A report published Tuesday by an esteemed British journalist alleging that oil states and China are teaming up to replace the dollar as the currency of choice in trading oil received ardent denials from several of the countries allegedly involved.
Writing in The Independent, reporter Robert Fisk alleged that Gulf states — along with China, Russia, Japan and France – are eyeing an end to dollar dealings for oil, “moving instead to a basket of currencies including the Japanese yen and Chinese yuan, the euro, gold and a new, unified currency planned for nations in the Gulf Co-operation Council, including Saudi Arabia, Abu Dhabi, Kuwait and Qatar.”
“Secret meetings have already been held by finance ministers and central bank governors in Russia, China, Japan and Brazil to work on the scheme, which will mean that oil will no longer be priced in dollars,” Fisk added. “The plans, confirmed to The Independent by both Gulf Arab and Chinese banking sources in Hong Kong, may help to explain the sudden rise in gold prices, but it also augurs an extraordinary transition from dollar markets within nine years.”
Fisk’s story received swift and vehement denials from some of the countries purportedly involved.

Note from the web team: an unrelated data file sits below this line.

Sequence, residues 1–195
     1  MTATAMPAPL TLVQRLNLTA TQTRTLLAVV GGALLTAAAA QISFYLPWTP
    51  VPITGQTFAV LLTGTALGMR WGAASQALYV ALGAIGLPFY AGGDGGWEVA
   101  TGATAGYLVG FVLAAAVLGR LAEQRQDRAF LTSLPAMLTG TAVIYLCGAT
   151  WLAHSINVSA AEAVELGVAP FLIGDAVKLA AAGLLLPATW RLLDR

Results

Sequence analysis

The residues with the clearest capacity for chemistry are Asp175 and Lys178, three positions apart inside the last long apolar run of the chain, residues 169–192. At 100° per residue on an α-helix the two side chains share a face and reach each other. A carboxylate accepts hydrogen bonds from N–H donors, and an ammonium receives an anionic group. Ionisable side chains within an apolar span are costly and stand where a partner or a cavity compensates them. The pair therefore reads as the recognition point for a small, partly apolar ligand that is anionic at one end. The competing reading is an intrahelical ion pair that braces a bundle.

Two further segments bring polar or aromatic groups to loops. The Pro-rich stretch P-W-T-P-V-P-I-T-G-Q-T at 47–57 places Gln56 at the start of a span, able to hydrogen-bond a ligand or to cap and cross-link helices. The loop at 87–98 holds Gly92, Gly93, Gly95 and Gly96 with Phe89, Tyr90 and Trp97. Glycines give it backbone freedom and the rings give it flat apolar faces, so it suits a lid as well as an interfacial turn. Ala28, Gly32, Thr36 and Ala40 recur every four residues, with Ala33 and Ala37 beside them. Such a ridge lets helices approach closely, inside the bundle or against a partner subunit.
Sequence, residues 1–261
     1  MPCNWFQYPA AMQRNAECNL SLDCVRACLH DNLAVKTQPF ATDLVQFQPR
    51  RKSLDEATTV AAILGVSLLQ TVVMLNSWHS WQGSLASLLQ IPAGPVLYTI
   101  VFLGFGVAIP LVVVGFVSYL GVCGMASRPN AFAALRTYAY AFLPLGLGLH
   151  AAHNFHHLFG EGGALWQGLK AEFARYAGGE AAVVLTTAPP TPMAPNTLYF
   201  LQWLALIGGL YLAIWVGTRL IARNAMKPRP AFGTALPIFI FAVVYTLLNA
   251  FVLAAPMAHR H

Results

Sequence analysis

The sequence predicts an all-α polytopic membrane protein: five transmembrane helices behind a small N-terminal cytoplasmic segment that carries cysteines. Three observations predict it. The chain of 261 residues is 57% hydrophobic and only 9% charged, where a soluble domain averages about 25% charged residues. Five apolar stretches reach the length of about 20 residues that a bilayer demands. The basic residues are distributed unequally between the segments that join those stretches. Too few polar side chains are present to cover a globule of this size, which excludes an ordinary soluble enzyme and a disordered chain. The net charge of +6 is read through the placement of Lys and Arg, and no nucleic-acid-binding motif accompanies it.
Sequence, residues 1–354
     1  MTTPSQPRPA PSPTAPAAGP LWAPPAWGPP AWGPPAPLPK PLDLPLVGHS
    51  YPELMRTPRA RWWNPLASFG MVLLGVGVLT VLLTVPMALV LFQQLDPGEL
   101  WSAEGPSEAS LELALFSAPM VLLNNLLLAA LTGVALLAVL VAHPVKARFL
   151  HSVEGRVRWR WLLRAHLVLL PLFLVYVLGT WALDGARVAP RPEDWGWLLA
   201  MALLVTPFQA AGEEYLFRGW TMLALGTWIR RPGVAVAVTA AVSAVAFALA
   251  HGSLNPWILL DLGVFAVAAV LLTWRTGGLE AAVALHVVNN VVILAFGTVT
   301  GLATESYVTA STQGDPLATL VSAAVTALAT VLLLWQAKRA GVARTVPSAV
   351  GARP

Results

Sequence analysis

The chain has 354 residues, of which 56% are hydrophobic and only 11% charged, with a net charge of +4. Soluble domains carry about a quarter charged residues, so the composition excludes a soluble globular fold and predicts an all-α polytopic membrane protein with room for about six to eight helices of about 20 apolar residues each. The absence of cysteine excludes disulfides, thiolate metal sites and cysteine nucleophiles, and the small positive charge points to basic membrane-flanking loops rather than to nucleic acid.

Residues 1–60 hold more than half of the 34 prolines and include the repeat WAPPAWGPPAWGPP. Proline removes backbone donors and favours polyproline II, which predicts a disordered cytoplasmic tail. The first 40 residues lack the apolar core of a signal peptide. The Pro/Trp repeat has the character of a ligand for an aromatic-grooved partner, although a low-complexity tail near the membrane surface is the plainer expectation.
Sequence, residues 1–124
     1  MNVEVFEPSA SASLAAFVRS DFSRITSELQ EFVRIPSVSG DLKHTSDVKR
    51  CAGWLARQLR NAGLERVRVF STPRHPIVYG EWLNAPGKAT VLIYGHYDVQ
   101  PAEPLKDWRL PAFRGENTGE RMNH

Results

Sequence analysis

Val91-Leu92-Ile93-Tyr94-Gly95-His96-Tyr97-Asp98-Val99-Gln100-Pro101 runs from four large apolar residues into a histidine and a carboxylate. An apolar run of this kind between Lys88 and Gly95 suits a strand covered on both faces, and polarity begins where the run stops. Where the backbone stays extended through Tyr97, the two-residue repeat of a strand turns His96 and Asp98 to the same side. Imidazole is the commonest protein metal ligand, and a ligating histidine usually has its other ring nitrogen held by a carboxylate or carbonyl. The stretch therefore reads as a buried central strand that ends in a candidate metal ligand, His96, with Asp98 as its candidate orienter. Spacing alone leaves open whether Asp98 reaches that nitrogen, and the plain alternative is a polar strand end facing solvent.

Asked by reporters about the newspaper story, Saudi Arabia’s central bank chief Muhammad al-Jasser said: “Absolutely incorrect.” He repeated the same response when asked whether Saudi Arabia was in such talks.
Kuwait’s oil minister and a well-placed source in the Organization of the Petroleum Exporting Countries made similar remarks. Russia’s deputy finance minister Dmitry Pankin said: “We did not discuss this at all.”
The dollar slipped in the wake of the newspaper story. The euro edged up as high as $1.4749, although it fell back to $1.4701 when the Saudi Arabian and Russian officials denied the report.
Algerian Finance Minister Karim Djoudi told Reuters: “Oil producing countries need to stabilize revenues but…I don’t see a need for oil trade to be denominated differently.
“But we are at the IMF conference where all sorts of subjects are raised and discussed,” he added.
Analysts say changing the currency in which oil is traded would require massive efforts by producer countries.